• in the case of an application from an overseas person only, the recognition and priorities of claims of creditors or classes of creditors in the event of the insolvency of the applicant; and
  2. the nature and extent of the financial and other information disclosed to the public by the applicant.

Registered banks currently operate in New Zealand as New Zealand-incorporated companies (often as subsidiaries of non-New Zealand banks or, in the case of The Co-operative Bank Limited, as a New Zealand-incorporated cooperative company) and as branches of non-New Zealand banks. Although the Reserve Bank must have regard to the ownership and incorporation structure of an applicant for registration, the Reserve Bank does not ordinarily prescribe the legal form that the bank must take. Rather, the Reserve Bank is concerned with ensuring that the owners are incentivised to monitor the bank's activities closely, and to influence its behaviour in a way that will maintain or improve the bank's soundness, but that still retains sufficient separation between the board and its owners to ensure that, where the interests of the bank and its owners diverge, the directors of the bank act in the best interests of the bank.

In certain circumstances, however, the Reserve Bank will require a bank to operate through a New Zealand-incorporated company rather than a branch of an overseas bank. Those circumstances are where a bank is systemically important to New Zealand's economy, where the bank is proposing to take retail deposits in New Zealand and there is depositor protection in the bank's home jurisdiction, or where the Reserve Bank considers that the disclosure or supervisory requirements in the bank's home jurisdiction are inadequate.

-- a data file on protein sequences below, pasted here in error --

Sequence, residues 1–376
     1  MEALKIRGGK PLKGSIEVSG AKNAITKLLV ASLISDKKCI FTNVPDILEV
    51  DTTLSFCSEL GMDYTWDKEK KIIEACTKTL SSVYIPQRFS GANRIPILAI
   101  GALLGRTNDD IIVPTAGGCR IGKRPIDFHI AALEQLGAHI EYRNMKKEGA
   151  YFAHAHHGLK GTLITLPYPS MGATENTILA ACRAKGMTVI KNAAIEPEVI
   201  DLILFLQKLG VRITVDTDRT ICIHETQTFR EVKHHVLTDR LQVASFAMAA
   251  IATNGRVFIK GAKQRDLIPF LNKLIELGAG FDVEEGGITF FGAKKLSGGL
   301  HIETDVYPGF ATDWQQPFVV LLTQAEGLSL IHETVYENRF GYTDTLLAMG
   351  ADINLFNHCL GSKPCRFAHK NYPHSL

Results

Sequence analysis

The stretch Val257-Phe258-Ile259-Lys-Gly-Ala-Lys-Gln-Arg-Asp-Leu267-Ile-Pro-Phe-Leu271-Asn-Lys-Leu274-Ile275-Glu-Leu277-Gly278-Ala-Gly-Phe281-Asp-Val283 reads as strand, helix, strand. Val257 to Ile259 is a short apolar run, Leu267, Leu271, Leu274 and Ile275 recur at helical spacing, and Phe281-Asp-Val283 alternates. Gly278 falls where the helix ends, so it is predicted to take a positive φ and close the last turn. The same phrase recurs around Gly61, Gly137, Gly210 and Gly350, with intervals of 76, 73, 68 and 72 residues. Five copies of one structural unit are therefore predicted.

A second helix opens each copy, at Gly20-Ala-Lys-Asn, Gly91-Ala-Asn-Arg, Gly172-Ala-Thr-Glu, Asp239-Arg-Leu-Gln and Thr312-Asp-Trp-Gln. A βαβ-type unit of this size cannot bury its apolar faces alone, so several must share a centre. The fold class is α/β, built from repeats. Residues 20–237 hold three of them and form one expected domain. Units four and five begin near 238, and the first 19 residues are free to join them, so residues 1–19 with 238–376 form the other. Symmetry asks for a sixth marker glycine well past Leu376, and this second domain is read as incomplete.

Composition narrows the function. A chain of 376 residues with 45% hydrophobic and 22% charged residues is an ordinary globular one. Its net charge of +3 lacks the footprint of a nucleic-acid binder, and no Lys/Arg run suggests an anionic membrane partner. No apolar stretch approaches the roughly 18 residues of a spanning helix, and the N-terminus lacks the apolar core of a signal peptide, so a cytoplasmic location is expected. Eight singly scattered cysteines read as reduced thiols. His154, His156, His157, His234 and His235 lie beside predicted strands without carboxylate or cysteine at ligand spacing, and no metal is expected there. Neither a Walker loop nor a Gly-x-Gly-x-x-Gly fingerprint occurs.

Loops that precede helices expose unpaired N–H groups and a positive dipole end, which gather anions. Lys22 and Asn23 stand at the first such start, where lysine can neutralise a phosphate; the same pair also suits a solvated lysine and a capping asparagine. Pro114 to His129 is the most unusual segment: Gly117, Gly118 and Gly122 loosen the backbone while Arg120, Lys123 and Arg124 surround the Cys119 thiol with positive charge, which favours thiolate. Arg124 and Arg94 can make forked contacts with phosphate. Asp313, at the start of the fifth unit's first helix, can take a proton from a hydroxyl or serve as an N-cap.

The Reserve Bank itself is a statutory corporation, and it performs a number of roles in the New Zealand financial system in addition to the registration and prudential supervision of banks. The Reserve Bank:

  1. formulates and implements monetary policy (its primary statutory purpose);
  2. operates as the central bank of New Zealand and issues New Zealand currency;
  3. has oversight of certain payment and settlement systems;
  4. is the prudential regulator of non-bank deposit takers under the Non-Bank Deposit Takers Act 2013, including responsibility for granting licences to non-bank deposit takers;
  5. is the prudential regulator of licensed insurers under the Insurance (Prudential Supervision) Act 2010;
  6. is responsible for supervising banks, life insurers and non-bank deposit takers under the Anti-Money Laundering and Countering Financing of Terrorism Act 2009; and
  7. operates high-value payment and settlement and clearing systems.

As part of its prudential function, the Reserve Bank has a number of macro-prudential tools at its disposal to manage the system-wide risks that can develop during boom–bust financial cycles. These tools include the ability to require banks to hold additional buffer regulatory capital and to limit high loan-to-value residential (LVR) mortgage lending.

The Reserve Bank maintains relationships with other banking and financial system regulators, particularly in Australia. The Trans-Tasman Council on Banking Supervision (TTC), comprising representatives of the Australian and New Zealand Treasuries, the Reserve Banks of Australia and New Zealand and the Australian Prudential Regulation Authority (APRA), supports the development of a single trans-Tasman economic market in banking services. In particular, the TTC is mandated to develop and promote measures that enhance trans-Tasman policy harmonisation, mutual recognition, information sharing and cooperation. The TTC's work resulted in legislation in New Zealand and Australia requiring the Reserve Bank and APRA to support each other in meeting their statutory responsibilities relating to prudential regulation and financial system stability and, where reasonably practicable, to avoid actions likely to have a detrimental effect on the stability of the other country's financial system. The TTC members are signatories to a memorandum of cooperation setting out high-level principles that they will have regard to when dealing with trans-Tasman banking groups facing financial distress.